Academic journal article Environmental Health Perspectives

The Association of Prenatal Exposure to Perfluorinated Chemicals with Maternal Essential and Long-Chain Polyunsaturated Fatty Acids during Pregnancy and the Birth Weight of Their Offspring: The Hokkaido Study

Academic journal article Environmental Health Perspectives

The Association of Prenatal Exposure to Perfluorinated Chemicals with Maternal Essential and Long-Chain Polyunsaturated Fatty Acids during Pregnancy and the Birth Weight of Their Offspring: The Hokkaido Study

Article excerpt

Introduction

Perfluorinated chemicals (PFCs) are ubiquitous and stable chemicals widely detected in humans and environment. Contamination of drinking water, house dust, foods, and fish products are the possible major exposure pathways of humans to PFCs (Lau et al. 2007). The most widely studied and detected PFCs are perfluorooctane sulfonate (PFOS) and perfluorooctanoate (PFOA). In 2009, PFOS was added to Annex B of the Stockholm Convention on Persistent Organic Pollutants (POPs) (United Nations Environment Programme 2007). PFOS and PFOA are being voluntarily phased out by several industries, and are being substituted by longer carbon-chain PFCs. Recently, we reported that plasma levels of PFOS and PFOA were generally decreasing in plasma of pregnant Japanese women; however, we observed an increased trend for PFCs with longer carbon chains (Okada et al. 2013). Additionally, PFOS and PFOA are still present in older products, and they are slowly eliminated from the human body, with mean half-lives of 5.4 and 3.8 years for PFOS and PFOA, respectively (Olsen et al. 2007).

Both PFOS and PFOA have been shown to have developmental and reproductive toxicity in animal studies, including early pregnancy loss, reduced fetal weight, and postnatal mortality (Abbott et al. 2007; Luebker et al. 2005). A strong correlation of these compounds has been demonstrated between maternal and cord blood samples in humans, indicating that neonates are exposed to PFCs via the placental passage (Inoue et al. 2004; Monroy et al. 2008). Some epidemiological studies have also reported an association between PFC exposure and poor birth outcomes including decreased birth size (Apelberg et al. 2007; Fei et al. 2007; Washino et al. 2009). In a prospective study, prenatal PFOA exposure was positively associated with the prevalence of overweight female offspring at 20 years of age (Halldorsson et al. 2012). However, Barry et al. (2014) reported no association between early-life PFOA exposure and overweight and obesity risk in adults 20-40 years of age.

Recent research has shown that PFCs perturb metabolic end points, including lipid metabolism, glucose homeostasis, and thyroid hormone balance, in animals (Seacat et al. 2003; Thibodeaux et al. 2003). Such effects might explain associations between PFCs and birth outcomes. Most epidemiological studies regarding the association between PFCs and lipids [triglyceride (TG) and cholesterol] have been conducted in nonpregnant participants. Although previous reports suggest a positive association between PFCs and cholesterol levels (Frisbee et al. 2010; Winquist and Steenland 2014), the reports regarding the association of PFCs and TG levels are inconsistent. In a targeted group of Inuit adults 18-74 years of age, Chateau-Degat et al. (2010) reported a significant negative association between high PFOS exposure levels and TG only in women. However, some groups reported no association between exposure to PFCs and TG levels (Fisher et al. 2013; Sakr et al. 2007) or even a positive association between exposure to PFCs and TG levels in nonpregnant women (Steenland et al. 2009). Therefore, the relevance of these findings is uncertain.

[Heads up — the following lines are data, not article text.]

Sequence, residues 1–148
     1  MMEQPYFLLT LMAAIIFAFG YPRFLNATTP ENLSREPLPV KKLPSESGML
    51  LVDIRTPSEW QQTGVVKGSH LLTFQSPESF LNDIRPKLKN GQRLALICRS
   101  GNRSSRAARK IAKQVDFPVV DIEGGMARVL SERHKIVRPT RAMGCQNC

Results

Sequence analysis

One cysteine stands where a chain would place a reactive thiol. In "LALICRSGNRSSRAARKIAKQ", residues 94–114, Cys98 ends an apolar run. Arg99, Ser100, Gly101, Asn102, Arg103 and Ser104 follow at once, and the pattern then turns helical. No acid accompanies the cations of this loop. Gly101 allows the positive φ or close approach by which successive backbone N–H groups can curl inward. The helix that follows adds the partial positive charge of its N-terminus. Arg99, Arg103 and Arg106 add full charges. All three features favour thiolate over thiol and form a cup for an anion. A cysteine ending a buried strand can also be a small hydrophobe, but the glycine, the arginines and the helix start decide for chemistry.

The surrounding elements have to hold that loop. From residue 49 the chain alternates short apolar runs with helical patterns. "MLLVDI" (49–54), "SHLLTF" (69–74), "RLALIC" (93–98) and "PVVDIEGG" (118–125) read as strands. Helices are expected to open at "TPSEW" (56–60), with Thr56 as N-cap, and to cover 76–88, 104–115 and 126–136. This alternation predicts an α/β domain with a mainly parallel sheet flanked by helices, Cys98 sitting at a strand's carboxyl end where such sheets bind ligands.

Fetal growth is dependent on maternal metabolic resources, and this is exemplified by the correlation between maternal and fetal TG and fatty acids (FAs) levels (Kitajima et al. 2001; Schaefer-Graf et al. 2011). Major physiologic changes in lipid metabolism take place during normal pregnancies. There is an increase in body fat depots during early pregnancy, whereas lipolysis of fat depots occurs in late pregnancy, resulting in hyperlipidemia. Maternal hyperlipidemia during late pregnancy facilitates the availability of lipid substrates to the fetus. Fetuses need essential fatty acids (EFAs) and long-chain polyunsaturated fatty acids (LCPUFAs) for growth and development, especially for nervous system development (Alvarez et al. 1996). EFAs include linoleic acid and [alpha]-linolenic acid, which are precursors of omega 6 and omega 3 LCPUFAs, respectively. …

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